Subject: Re: KR> Jeff Scott's Modifications - Early Flight test results
Here's my analysis of the changes I have implemented on my KR over the
last 4 months following the FAA's mandated 5 hours of test flying.
Clearly I'm still a long ways from being done testing, and I'm not done
modifying, although I am a bit burned out on it for now.
The modifications to the horozontal stab and elevator turned out to have
very positive results. The challenge is how to best quantify the results
into something that makes sense. I'll start with the new horizontal stab
Incidence: In building the new stab, I attempted to correct the
incidence. I need some in flight photos to know how close I got it, but
from the test flight results, I would say it is very close, although a
touch more nose down would probably have resolved my trim problems. More
on that later.
Stability: The larger 8 foot span horizontal stab is absolutely
fabulous. The best example I can give is a comparison that was easy to
make. As I was flying home from the SWRFI in May, after about 3 hours in
the seat my butt was numb, so I let lose of the stick and used my hands
to scootch up in the seat a bit. That movement with me at 270# caused a
quick 1/2G negative on the G-meter before all the stuff from my right
seat and lap came raining back down on me from the canopy. I have done
the same thing several times in the last few hours of test flying. The
plane simply doesn't change in pitch in any noticeable way. The
stability hands off is rock solid.
Feel: There have been comments in the past that by building a larger
stab to change the stability, the plane would lose it's sporty feel. I
can easily put that rumor to rest. The elevator is every bit as quick as
it ever was, although it does have a bit more aerodynamic load on it, so
gives a bit more feedback through the stick. Credit Mark Langford for
the stab/elevator design and for posting it to his web site. My
recommendation is to use it. It works... very well. I think I can
truthfully say that mine is the only KR to have flown with both tails and
I think my preference is clear.
Wing Root Fairings:
The wing root fairings were created for two purposes. #1 was to reduce
drag by cleaning up the air flow at the wing root junction with the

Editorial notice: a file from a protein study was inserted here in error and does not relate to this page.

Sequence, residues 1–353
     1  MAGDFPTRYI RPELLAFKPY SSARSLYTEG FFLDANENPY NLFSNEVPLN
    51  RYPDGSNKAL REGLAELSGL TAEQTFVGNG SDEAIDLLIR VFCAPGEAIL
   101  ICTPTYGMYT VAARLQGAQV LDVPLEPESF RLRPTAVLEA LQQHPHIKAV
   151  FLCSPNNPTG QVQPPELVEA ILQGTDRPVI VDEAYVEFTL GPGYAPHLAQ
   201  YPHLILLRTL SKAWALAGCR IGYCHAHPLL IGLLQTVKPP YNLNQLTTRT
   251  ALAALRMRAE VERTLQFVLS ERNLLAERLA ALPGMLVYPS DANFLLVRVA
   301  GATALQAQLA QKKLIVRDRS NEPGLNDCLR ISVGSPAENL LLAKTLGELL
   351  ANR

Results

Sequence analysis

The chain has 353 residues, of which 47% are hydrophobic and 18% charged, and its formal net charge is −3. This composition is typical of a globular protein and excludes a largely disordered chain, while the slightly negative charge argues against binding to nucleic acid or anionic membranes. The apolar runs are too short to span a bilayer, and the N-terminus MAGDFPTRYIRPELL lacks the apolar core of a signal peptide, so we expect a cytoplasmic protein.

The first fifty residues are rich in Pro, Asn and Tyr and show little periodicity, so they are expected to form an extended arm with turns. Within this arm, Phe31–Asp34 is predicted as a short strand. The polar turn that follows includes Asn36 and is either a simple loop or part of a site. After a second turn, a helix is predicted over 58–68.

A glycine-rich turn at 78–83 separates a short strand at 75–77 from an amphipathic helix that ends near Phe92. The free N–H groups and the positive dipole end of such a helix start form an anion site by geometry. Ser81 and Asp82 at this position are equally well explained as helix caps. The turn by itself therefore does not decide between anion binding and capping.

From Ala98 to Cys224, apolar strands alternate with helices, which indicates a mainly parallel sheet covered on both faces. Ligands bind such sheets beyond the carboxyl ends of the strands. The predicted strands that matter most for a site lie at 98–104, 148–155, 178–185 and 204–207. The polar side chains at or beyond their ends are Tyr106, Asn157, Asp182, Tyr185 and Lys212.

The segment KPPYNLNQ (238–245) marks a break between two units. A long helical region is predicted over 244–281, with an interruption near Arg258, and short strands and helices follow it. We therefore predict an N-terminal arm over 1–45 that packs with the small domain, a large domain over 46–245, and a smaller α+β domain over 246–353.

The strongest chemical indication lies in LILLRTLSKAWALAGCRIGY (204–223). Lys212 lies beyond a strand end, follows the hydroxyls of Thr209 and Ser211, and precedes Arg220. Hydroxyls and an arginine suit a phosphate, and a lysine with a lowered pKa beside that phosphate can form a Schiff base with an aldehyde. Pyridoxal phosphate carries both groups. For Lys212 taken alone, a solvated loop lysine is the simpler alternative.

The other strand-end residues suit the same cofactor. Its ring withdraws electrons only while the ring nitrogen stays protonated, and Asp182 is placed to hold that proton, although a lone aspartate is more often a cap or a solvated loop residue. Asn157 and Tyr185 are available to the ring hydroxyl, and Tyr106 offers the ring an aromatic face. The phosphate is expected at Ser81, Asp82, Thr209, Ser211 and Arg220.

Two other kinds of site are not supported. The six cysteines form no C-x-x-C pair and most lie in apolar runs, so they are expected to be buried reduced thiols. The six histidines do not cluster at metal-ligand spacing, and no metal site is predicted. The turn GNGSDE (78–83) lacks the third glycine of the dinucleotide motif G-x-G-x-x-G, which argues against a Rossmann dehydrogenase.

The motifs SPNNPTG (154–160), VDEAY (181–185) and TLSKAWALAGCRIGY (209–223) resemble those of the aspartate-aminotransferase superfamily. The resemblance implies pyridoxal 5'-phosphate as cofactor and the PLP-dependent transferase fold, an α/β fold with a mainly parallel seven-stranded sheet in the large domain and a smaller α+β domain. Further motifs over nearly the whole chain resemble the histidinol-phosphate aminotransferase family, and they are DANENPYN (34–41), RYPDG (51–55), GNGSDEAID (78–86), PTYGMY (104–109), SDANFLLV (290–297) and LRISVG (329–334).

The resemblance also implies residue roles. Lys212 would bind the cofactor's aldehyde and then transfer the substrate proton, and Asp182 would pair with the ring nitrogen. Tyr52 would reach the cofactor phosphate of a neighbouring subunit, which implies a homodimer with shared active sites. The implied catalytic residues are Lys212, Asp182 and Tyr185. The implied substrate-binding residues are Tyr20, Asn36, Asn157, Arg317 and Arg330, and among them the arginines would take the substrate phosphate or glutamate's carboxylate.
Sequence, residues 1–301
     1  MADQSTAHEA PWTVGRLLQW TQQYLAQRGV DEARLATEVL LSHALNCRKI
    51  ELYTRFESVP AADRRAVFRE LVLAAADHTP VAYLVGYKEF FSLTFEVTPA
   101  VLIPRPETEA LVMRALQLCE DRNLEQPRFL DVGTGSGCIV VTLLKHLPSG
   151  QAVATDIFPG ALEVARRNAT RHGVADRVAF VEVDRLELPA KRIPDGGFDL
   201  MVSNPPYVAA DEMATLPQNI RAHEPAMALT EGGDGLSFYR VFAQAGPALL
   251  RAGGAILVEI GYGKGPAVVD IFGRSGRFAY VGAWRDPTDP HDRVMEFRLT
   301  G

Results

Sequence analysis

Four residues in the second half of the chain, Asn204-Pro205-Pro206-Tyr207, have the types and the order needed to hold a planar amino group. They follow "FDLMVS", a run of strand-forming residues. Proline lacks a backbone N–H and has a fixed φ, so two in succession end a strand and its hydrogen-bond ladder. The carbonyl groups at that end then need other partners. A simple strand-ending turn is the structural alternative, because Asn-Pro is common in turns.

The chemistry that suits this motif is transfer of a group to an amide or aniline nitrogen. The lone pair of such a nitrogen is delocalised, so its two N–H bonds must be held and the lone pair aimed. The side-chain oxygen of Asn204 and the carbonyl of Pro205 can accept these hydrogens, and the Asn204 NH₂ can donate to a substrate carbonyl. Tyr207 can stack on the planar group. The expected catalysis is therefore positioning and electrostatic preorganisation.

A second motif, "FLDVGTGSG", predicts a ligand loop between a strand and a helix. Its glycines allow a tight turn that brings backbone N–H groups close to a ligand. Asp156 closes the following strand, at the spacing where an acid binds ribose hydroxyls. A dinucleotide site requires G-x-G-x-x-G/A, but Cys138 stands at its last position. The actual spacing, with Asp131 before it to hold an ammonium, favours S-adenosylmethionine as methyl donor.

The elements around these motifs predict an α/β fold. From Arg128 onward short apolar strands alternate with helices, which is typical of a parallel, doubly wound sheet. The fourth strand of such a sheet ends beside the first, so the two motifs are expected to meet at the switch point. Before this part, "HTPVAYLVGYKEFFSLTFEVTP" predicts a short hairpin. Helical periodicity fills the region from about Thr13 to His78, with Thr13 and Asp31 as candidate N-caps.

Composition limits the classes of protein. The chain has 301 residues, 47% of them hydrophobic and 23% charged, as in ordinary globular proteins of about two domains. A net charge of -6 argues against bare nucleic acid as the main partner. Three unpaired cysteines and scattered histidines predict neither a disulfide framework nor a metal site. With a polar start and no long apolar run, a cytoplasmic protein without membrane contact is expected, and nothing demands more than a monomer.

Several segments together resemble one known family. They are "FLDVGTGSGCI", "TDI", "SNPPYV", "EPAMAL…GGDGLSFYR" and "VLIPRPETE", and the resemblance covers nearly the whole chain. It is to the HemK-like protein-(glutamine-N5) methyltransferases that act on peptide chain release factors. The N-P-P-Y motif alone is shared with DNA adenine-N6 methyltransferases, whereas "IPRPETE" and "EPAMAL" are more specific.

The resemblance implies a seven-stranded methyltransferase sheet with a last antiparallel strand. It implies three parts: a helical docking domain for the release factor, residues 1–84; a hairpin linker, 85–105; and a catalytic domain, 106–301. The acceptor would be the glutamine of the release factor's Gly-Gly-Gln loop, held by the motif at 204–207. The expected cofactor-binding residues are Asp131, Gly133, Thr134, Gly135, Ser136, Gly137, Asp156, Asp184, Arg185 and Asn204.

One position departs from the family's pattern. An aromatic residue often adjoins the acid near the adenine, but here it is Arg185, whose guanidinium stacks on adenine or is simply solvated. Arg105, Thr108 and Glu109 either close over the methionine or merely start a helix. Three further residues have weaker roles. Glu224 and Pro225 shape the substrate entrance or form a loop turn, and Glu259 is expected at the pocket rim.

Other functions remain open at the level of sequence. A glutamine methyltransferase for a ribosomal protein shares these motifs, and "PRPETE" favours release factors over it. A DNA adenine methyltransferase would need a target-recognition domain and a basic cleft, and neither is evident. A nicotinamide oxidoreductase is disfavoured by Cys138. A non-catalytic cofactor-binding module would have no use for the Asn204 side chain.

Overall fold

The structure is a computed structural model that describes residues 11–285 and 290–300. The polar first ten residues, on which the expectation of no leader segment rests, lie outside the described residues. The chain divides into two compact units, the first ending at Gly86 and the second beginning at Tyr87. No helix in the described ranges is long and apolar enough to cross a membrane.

fuselage. #2 was to hide the actuator linkage to the new flaps. Despite
having added a significant amount of weight to the plane with all the
mods, it has picked up some speed as well. Not a lot. The small amount
of testing I have done so far has shown a 4 - 7 mph increase in indicated
airspeed at 9000'. Density altitude was roughly 11,000' during testing.
Full throttle straight and level at 9000' used to yield a top indicated
airspeed of 143 mph. This week I have seen it top out from 147 - 150 mph
IAS at 9000' in various configurations.
The flaps are an absolutely fabulous addition to the plane. My wing stub
flaps are 11 1/2 x 25" per side and deploy to 37 degrees. All I can say
is WOW! I can turn final at 160 indicated, pull the nose up, reduce
power and drop the flaps and this plane will drop out of the sky like a
Cessna. No more planning the approach from 10 miles out to try to get
down. I can either reduce flaps or add power to have complete control of
the descent. No more gliding half the runway in ground effect while the
plane slowly bleeds off speed. With this much deployable drag, I can
drop the plane on a spot.
A performance requirement that I placed on the flaps was that the plane
had to be able to climb with full flaps. I took off with the Density
Altitude at 9300' and sluggishly climbed from 7200' (airport altitude)
In my opinion, the larger rudder has also enhanced the controlability of
the plane. Between the larger rudder and the drag generated by the
flaps, crosswind landings have changed from a real wrestling match to a
I designed my own elevator trim control using biasing springs and the
original MAC trim servo out of the old tail. This piece is unique to the
geometry of my elevator control system. I have spent the bulk of my test
flying time tuning the trim. I do have it to a functional level, but not
optimal. The issue seems to be that at speed the aerodynamic loads on
the elevator is sufficient enough that the biasing spring is unable to
keep the nose down past roughly 145 mph indicated. This works OK for
cruise at 9000', but may not work so well when I get the plane to a low
altitude (which is rare for me!). I'm going to be tuning on the trim
control for a while yet. The challenge is to get enough spring pressure
to trim the elevator while keeping the springs light enough to not ruin
the light feel of the plane.
Later note: I considered the spring biasing trim to be a failure. It was
removed and a servo controlled trim tab installed. More on that here.
Since the required test time is already flown off the plane, in all
likelyhood I will have it at Copperstate again this year despite it's